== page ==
By contrast, the California bullet train system envisions a much bigger annual ridership: about 20 million at minimum. The plan, however, has been sharply disputed by outside experts who doubt that large numbers of drivers or airline passengers will be attracted to the bullet train.

Yes, but the U.S. General Accounting Office earlier this year also found that the bullet train’s “ridership and revenue forecasts to be reasonable; however, additional updates are necessary to refine the ridership and revenue model for the 2014 business plan.” It’s perfectly fair to mention the critics. It’s also perfectly fair to mention that not every “expert” disputes the ridership numbers or methodology used to reach them.

Another interesting paragraph:

California hasn’t asked for his help, and Musk’s dream exists only on paper. But the state is in the middle of trying to build its own bullet train, a $68-billion project that has grown in cost and fallen behind schedule.

This is a paragraph that is factually accurate. But in its brevity it doesn’t really explain the whole story. The bullet train’s budget has gone from $33 billion to $98 billion and back down to $68 billion. It’s probably more accurate to say the budget has both seriously grown and seriously shrunk, letting readers decide how seriously they should take the state’s cost estimates. As for project delays, the CHSRA has said it would begin initial construction this year and that doesn’t appear likely to happen. But it remains unclear whether CHSRA can meet its 2029 date for service between San Francisco and Los Angeles; it might be better to specify exactly what has “fallen behind schedule.”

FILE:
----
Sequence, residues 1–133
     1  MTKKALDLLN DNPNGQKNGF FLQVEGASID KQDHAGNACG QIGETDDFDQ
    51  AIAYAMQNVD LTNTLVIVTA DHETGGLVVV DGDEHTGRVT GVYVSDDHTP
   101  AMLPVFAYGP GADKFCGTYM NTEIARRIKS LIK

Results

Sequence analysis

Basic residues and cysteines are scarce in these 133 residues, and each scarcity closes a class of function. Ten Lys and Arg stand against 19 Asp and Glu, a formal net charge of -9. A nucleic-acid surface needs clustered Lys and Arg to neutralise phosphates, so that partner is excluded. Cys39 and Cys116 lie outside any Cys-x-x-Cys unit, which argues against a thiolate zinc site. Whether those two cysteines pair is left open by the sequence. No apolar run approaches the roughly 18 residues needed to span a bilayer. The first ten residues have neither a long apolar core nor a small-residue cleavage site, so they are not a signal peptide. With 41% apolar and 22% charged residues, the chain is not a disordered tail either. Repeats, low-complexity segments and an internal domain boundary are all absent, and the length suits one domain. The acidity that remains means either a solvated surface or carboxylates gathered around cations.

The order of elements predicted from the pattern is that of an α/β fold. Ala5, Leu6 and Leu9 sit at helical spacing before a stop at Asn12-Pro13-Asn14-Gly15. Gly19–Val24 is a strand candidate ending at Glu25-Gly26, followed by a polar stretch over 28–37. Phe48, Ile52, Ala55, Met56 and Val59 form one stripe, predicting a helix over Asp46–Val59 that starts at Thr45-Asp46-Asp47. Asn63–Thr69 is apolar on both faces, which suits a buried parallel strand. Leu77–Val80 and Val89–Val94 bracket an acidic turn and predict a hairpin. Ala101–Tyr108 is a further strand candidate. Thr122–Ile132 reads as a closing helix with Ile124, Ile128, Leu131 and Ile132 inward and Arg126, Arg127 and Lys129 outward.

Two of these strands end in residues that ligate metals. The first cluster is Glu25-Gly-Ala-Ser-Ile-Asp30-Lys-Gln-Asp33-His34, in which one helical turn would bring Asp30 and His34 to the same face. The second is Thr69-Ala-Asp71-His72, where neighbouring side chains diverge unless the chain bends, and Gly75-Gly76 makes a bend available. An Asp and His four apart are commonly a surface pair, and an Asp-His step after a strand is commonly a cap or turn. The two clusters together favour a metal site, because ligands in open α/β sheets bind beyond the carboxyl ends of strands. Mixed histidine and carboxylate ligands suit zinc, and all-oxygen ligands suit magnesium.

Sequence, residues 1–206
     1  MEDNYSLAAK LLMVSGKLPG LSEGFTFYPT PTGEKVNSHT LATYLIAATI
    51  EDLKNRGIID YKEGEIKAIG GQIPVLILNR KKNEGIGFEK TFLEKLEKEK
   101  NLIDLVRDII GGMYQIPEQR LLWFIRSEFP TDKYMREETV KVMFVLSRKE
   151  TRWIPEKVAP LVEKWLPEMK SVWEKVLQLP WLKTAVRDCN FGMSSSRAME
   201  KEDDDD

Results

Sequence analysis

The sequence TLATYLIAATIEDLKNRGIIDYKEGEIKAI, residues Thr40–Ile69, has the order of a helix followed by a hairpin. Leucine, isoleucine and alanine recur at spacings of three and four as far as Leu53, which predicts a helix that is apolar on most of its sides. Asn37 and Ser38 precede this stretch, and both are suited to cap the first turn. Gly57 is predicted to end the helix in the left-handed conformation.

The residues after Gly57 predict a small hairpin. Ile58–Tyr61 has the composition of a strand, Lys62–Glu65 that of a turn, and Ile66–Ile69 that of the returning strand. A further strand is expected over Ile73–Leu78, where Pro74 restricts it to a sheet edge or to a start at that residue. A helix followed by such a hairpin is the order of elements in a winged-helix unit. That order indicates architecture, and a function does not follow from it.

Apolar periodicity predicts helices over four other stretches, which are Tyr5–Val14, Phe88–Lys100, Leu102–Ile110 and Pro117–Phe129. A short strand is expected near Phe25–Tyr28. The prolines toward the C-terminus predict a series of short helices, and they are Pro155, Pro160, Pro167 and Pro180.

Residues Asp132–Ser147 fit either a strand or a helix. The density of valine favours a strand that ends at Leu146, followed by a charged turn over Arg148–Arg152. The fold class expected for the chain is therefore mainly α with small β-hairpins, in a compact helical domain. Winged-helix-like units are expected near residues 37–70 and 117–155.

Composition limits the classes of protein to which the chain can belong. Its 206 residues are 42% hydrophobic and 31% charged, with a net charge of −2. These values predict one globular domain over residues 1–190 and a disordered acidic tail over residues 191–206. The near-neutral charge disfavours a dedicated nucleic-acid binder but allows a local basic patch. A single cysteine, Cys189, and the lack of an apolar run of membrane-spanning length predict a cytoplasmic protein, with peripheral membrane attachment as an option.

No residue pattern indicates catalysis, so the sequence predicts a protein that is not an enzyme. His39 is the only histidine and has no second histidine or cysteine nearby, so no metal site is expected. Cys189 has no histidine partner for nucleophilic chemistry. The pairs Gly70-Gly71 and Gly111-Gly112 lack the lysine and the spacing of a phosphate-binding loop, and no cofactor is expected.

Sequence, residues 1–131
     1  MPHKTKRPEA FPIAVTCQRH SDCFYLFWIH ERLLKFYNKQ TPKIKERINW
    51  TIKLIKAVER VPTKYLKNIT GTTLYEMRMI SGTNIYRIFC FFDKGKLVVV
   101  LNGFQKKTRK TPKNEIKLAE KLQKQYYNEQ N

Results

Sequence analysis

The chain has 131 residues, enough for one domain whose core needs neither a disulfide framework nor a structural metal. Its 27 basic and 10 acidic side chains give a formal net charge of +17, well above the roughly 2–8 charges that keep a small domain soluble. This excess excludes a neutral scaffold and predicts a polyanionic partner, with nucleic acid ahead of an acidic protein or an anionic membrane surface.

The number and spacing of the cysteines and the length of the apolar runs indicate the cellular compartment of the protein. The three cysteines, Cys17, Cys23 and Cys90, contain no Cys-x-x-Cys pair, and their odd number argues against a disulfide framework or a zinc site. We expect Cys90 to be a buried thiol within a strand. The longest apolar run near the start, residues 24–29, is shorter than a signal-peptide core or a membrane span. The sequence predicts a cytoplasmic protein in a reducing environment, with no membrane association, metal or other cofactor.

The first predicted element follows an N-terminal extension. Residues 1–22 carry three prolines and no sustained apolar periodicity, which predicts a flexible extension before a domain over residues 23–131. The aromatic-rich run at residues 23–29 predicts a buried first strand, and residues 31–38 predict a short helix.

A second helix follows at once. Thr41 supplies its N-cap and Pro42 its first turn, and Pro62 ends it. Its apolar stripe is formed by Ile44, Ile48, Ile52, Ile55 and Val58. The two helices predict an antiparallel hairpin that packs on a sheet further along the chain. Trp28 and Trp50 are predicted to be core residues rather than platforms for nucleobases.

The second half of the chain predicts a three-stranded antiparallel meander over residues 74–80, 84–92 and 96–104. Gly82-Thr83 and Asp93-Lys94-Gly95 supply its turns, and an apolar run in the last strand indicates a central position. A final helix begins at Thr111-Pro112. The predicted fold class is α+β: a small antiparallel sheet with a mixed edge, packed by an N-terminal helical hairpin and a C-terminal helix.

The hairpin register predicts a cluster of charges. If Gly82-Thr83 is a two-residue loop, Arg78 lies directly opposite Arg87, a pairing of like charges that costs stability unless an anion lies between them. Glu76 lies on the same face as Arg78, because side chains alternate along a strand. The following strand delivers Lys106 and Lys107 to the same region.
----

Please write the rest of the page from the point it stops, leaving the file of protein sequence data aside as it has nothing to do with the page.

The bullet train proposal is a big, expensive project and it absolutely deserves intense scrutiny — and I think a lot of the Times’ coverage has been hard-hitting and fair. Seems to me the hyperloop proposal deserves the same kind of scrutiny and part of that is fairly describing what’s happening with the bullet train.

5 replies

  1. We are a nation of innovators. We used to have the fastest train system and we built one that crossed the U.S. in five years, the Wright Brothers invented the airplane, and Henry Ford made the Ford Model T popular with mass production. We built the Apollo to place people onto the Moon and we built the Space Shuttle.